Hillary Groff: HTM’s Crucial Role with Incoming Medical Equipment

According to The Joint Commission (TJC) requirements, “The hospital evaluates new types of equipment before initial use to determine whether they should be included in the inventory. Before initial use of medical equipment on the medical equipment inventory, the hospital performs safety, operational, and functional checks. In addition, the hospital maintains a written inventory of all medical equipment.” Because of these mandates, our department’s standard operating procedure calls for inspections on all medical equipment brought into the medical center for clinical use. These incoming inspections must be performed by clinical engineering or healthcare technology management (HTM) personnel prior to the equipment being put into use.

During an incoming inspection, the equipment is examined visually, and an electrical safety check is conducted. In addition, there is a performance check to ensure that the equipment meets manufacturer and purchase specifications. The criticality of the equipment also is assessed to determine its inclusion in the preventive maintenance (PM) program. If the criticality assessment is missed, it would be difficult to meet TJC standard that ”the hospital identifies the activities and associated frequencies, in writing, for maintaining, inspecting, and testing all medical equipment on the inventory.”

Sometimes, a new piece of medical equipment is brought into the medical center for evaluation, loan, or demonstration without notifying all stakeholders, including HTM. This equipment, not owned by the medical center, still must be fully documented. The equipment may be entered in the PM program, especially if it stays on station longer than six months.

How can we ensure that all new medical equipment is inspected by HTM before being put into use? To begin with, HTM should be involved with all aspects of equipment procurement—from the initial discussions of new or replacement equipment to the actual implementation of the equipment. If such involvement can be achieved, HTM can reduce the number of surprises that arise when unexpected medical equipment is delivered. This involvement also creates a higher reliability system to mitigate future failures. The discovery of undocumented equipment during rounds will also decrease as HTM gets more involved in the cradle-to-grave management of equipment acquisitions.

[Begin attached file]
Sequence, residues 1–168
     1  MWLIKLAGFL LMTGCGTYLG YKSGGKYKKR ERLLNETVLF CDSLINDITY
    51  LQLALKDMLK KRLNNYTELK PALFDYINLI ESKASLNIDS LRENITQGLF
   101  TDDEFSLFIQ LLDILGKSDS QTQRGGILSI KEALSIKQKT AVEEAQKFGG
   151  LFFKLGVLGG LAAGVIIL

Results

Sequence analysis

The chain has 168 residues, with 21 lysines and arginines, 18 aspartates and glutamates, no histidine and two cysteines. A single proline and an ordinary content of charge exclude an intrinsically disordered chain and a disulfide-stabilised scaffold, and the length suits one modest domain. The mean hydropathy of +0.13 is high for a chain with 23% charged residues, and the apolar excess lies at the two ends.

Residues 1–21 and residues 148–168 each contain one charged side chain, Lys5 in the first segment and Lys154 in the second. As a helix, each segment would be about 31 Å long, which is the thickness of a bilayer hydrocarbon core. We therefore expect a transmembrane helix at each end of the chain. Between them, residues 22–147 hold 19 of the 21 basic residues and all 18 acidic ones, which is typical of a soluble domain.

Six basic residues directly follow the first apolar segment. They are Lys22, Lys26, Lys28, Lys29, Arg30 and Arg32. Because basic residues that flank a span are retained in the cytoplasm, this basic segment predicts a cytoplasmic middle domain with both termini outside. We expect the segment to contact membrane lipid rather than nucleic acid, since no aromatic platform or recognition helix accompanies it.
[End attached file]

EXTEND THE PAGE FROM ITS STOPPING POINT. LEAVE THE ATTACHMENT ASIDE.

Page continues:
Many medical centers have a standard, designated equipment procurement process.  The process should include a review by HTM, which should be asked to literally sign off on any procurement decision.  A cost analysis also is crucial so that the organization can understand the short- and long-term resource implications of supporting that equipment. In addition, clinical staff should be educated on the equipment procurement process, along with the process to obtain a loaner device or have a device brought into the hospital for demonstration. This education should stress the importance of equipment inspection and documentation to safe and effective maintenance.

In short, when HTM knows early on about new medical equipment coming into the medical center, the potential risks to patients and clinical staff are reduced, along with possible violations of regulatory compliance.

Hillary Groff, MSBME, is a biomedical engineer with the Central Arkansas Veterans Healthcare System.

9 thoughts on “Hillary Groff: HTM’s Crucial Role with Incoming Medical Equipment

  1. I would like to add that in many facilities, service of highly specialized equipment (MRI units, C-Arms, surgical robots, ultrasound diagnostic units, patient ventilators, etc.) is outsourced and biomed is not qualified to perform on that equipment anything other than visual inspection and electrical safety tests. Probably the only way to handle the upcoming inspections is for biomed to do visual and electrical safety inspections and to file vendor installation reports that indicate operational and functional tests performed by the vendors.

  2. Hi Mr Hyman. Here is another way to look at this: Each biomed has to be his own “gatekeeper.” It’s called “professional integrity.” What’s the value of the initials of a biomed who will put a sticker on a device without having and reviewing a service manual? To himself? His department? His employer? The caregivers and patients? We are in the situation we are in now with service manuals and OEMs withholding them because too many biomeds and CEs did not meet this basic professional standard. I think this may even link into the recent call for the FDA to review repair, refurbishment and maintenance practices, right along with the CMMS requirement about OEM maintenance practices that had us all jumping thru hoops the last couple years. If a salesman can walk into a hospital and be given a demo sticker just by getting a wave of the electrical safety tester, what kind of message does that send back up the chain to his people who make corporate policy? Any thoughts? anyone? Am I off base on this?